Scientists have known for more than a decade that individuals with a certain gene are at higher risk for developing Alzheimer's disease. Now a new study helps explain why this is so.
The research, led by scientists at the Oklahoma Medical Research Foundation (OMRF), has uncovered a molecular mechanism that links the susceptibility gene to the process of Alzheimer's disease onset. The findings appear in the April 11 issue of The Journal of Neuroscience and may lead to new pathways for development of Alzheimer's therapeutics.
Approximately 15 percent of the population carries a gene that causes their bodies to produce a lipoprotein—a combination of fat and protein that transports lipids (fats) in the blood—known as apolipoprotein (Apo) E4. Studies have found that those who inherit the E4 gene from one parent are three times more likely than average to develop Alzheimer's, while those who get the gene from both parents have a tenfold risk of developing the disease.
In the new study, OMRF's Jordan J.N. Tang, Ph.D., and his colleagues discovered that ApoE4 (along with other apolipoproteins) attaches itself to a particular receptor on the surface of brain cells. That receptor, in turn, adheres to a protein known as amyloid precursor protein. The brain cells then transport the entire protein mass inside.
Once inside, cutting enzymes—called proteases—attack the amyloid precursor protein. These cuts create protein fragments that, when present in the brain for long periods of time, are believed to cause the cell death, memory loss and neurological dysfunction characteristic of Alzheimer's.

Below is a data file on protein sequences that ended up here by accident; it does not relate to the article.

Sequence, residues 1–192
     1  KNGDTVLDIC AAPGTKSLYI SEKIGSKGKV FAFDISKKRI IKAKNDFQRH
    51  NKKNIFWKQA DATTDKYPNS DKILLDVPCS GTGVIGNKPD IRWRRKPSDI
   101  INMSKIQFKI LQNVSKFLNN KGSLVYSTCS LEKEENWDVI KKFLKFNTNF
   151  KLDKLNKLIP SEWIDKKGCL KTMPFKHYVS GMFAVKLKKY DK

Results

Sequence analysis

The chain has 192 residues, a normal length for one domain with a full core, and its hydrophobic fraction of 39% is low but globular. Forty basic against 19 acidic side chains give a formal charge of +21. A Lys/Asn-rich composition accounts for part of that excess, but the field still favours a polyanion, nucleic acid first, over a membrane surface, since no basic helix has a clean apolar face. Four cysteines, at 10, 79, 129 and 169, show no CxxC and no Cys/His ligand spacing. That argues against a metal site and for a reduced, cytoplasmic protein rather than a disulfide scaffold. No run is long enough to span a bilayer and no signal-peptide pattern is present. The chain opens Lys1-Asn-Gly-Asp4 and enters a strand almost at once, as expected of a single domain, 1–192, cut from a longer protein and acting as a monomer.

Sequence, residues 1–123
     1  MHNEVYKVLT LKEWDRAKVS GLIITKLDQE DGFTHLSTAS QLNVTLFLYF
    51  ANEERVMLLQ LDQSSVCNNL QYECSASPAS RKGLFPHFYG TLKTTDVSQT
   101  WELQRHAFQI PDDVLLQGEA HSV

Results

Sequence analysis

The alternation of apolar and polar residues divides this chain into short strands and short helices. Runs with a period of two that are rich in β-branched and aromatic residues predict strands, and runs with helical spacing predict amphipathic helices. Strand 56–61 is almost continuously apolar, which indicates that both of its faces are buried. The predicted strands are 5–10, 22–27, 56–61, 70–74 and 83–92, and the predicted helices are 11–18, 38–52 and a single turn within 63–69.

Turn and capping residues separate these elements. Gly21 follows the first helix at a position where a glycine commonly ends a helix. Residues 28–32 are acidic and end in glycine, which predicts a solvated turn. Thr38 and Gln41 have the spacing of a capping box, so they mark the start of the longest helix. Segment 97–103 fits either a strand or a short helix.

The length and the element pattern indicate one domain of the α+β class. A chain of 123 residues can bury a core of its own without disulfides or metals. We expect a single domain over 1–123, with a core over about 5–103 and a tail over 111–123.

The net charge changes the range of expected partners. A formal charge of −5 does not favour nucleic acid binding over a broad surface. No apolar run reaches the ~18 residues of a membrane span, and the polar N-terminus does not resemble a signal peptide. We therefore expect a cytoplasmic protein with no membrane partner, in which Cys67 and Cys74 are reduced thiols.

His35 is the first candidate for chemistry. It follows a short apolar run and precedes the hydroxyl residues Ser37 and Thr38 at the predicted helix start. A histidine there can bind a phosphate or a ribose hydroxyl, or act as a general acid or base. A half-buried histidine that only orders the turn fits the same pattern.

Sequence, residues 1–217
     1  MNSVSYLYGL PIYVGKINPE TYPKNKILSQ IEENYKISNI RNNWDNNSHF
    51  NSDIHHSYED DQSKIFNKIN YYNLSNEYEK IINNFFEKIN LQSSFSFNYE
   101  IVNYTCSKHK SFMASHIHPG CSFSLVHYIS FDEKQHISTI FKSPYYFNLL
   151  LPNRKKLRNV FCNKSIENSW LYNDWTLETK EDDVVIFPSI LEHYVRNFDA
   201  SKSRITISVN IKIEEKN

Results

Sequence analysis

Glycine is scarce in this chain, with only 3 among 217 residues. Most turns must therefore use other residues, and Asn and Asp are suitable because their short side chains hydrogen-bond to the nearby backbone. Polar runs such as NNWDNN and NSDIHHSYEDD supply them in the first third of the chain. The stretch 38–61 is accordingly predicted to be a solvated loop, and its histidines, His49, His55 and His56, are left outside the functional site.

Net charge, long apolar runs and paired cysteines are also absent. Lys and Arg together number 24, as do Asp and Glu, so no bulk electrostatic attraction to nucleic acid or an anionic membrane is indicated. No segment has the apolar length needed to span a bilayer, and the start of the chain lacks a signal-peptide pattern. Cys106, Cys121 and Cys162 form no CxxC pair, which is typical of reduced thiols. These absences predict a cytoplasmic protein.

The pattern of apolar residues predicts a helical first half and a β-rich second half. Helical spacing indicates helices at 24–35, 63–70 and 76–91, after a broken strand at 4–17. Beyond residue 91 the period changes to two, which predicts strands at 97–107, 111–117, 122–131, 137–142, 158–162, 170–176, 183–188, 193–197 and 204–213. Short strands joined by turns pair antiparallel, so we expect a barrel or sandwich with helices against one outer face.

Although researchers have known for more than a decade that ApoE4 was involved—somehow—in development of Alzheimer's, Tang's new study is the first to connect the process of protein fragment formation to ApoE4.
While roughly 1 in 7 people carry the E4 gene, the remainder of the population carry only two variations—known as E2 and E3—of that gene. These individuals have a markedly lower incidence of Alzheimer's than those who carry the E4 gene. The new study found that ApoE4 produced more protein fragments than did E2 or E3.
"ApoE4 apparently interacts better with the receptor than its cousins," said Tang. "This may explain why people who carry the E4 gene have a higher risk of developing Alzheimer's."
"These findings may allow us to investigate the possibility of therapeutic intervention at different points in the process," said Tang. For example, he said, such efforts might focus on developing a compound to interfere with the receptor's ability to adhere to ApoE4.
"There currently is no effective treatment for Alzheimer's disease, so we must explore every possible option to find a way to stop it," he said.
"Dr. Tang's study shows a beautiful biochemical connection between a genetic risk factor and the development of a disease," said OMRF President Stephen Prescott, M.D. "This work opens the door to the development of alternate methods for treating—and perhaps even preventing—Alzheimer's."
ApoE4 also has been linked to coronary artery disease. "Ultimately, this work could pave the way for similar study of the pathogenesis of other diseases," said Prescott.
At OMRF, Tang heads OMRF's protein studies research program and holds the J.G. Puterbaugh Chair in Medical Research. His work with proteases has made important contributions to the study of gastric enzymes, HIV and, most recently, Alzheimer's disease.
In 1999, Tang and his colleagues at OMRF identified the protease (known as memapsin 2) believed to be the culprit behind Alzheimer's. After cloning that protease, he led a team of researchers that created an inhibitor to halt the enzyme's cutting action. That work earned Tang the Alzheimer's Association's Pioneer Award, and an experimental drug based on Tang's inhibitor currently is undergoing pre-clinical trials.
Source: Oklahoma Medical Research Foundation.